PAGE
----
Getting rid of crutches
I had my ass whupped yesterday as I was trying out the new control deck. It ended in a disaster, losing really well against the decks that it was meant to crush easily, which is military. I looked at my list and looked back again at the original list on which the deck was constructed. Then it hit me. The other deck relied on a personality that I didn’t have: Doji Shikishi. It relied on her so much that odd bits of artisan and courtier can fit so well without causing conflict, which was what my deck had in spades.
A similar thing happened during Samurai Edition with the introduction of Kyuden Kyotei. It was so prominent that it affected the way the deck’s economy was built. So much so that building a deck with other Strongholds became really really hard. Doji Shikishi and Kyuden Kyotei are labeled by many as “staples”. But I call them crutches.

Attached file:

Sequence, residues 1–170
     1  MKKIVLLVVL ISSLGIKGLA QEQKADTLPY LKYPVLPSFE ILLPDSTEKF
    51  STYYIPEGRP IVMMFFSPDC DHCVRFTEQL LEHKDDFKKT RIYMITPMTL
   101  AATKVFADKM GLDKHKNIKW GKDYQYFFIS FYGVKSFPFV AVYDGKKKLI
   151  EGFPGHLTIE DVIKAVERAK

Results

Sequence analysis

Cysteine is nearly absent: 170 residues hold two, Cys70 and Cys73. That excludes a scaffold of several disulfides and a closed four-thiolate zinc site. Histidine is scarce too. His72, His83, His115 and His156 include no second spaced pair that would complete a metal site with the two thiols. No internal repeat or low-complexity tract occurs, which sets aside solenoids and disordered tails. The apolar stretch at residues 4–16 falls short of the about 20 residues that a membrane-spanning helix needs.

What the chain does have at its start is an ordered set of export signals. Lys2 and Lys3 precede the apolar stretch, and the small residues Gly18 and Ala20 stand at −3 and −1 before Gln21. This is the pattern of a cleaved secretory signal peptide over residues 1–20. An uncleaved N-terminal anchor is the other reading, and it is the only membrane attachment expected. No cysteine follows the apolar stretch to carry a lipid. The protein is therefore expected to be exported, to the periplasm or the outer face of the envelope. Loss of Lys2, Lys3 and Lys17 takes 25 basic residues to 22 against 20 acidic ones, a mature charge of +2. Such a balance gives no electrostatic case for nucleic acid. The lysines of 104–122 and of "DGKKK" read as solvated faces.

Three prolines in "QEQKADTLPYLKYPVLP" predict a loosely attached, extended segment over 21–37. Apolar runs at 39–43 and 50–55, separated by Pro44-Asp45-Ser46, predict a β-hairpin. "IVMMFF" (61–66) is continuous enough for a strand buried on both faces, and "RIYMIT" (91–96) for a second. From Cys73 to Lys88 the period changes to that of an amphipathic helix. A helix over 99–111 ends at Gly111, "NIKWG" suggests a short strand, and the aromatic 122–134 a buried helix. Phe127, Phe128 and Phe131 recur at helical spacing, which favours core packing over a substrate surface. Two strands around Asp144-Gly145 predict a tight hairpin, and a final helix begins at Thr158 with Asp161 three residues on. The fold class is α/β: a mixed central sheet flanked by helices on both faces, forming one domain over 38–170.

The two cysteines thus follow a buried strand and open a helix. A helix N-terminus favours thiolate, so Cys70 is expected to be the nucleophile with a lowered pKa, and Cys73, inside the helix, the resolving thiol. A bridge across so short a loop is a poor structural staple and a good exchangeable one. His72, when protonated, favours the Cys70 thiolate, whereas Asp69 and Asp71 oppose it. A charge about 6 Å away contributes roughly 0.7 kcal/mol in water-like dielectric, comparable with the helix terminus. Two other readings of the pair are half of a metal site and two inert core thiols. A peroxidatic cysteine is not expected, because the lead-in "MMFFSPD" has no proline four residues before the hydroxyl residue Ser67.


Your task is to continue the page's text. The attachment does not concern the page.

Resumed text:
So why are they crutches? They’re so good that they become the integral idea in building decks with that particular clan. Take it out and you crumble or find it very difficult to play anything else. That’s what I call a crutch. Unfortunately, identifying and substituting a crutch isn’t enough. You would often have to redesign a huge portion of your deck to accommodate the changes. Sometimes, this isn’t such a bad thing.
Take my previous deck for example. The disparity between artisans and courtiers are so staggering that I find my hand being conflicted at the best of times. I looked at the other decks and noticed that Doji Shikishi fit her dual role perfectly. It became apparent to me that I had to trim down an entire deck strategy to cover up for Shikishi’s absence, thus making me unable to net deck and modify currently. I suppose it can be a good thing as well, since limitations breeds creativity and that breeds janky decks :p
But like I said, if you’re too used to something you’re going to find it very hard to mix in something else. You either reject the new deck strategy or chuck out your old ones. For me, I decided on the latter. So yeah, no dueling, no dishonour control. It’s going to be tough but the decision to cut those two elements down improved my deck significantly. I guess that just leaves practice then.